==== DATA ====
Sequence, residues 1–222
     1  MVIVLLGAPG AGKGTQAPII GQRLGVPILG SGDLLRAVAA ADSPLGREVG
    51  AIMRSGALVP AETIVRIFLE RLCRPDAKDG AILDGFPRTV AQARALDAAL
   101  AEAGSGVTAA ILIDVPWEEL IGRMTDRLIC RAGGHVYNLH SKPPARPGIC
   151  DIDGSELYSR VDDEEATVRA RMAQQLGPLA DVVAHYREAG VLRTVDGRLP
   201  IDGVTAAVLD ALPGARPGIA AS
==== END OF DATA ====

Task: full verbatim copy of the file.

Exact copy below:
Sequence, residues 1–222
     1  MVIVLLGAPG AGKGTQAPII GQRLGVPILG SGDLLRAVAA ADSPLGREVG
    51  AIMRSGALVP AETIVRIFLE RLCRPDAKDG AILDGFPRTV AQARALDAAL
   101  AEAGSGVTAA ILIDVPWEEL IGRMTDRLIC RAGGHVYNLH SKPPARPGIC
   151  DIDGSELYSR VDDEEATVRA RMAQQLGPLA DVVAHYREAG VLRTVDGRLP
   201  IDGVTAAVLD ALPGARPGIA AS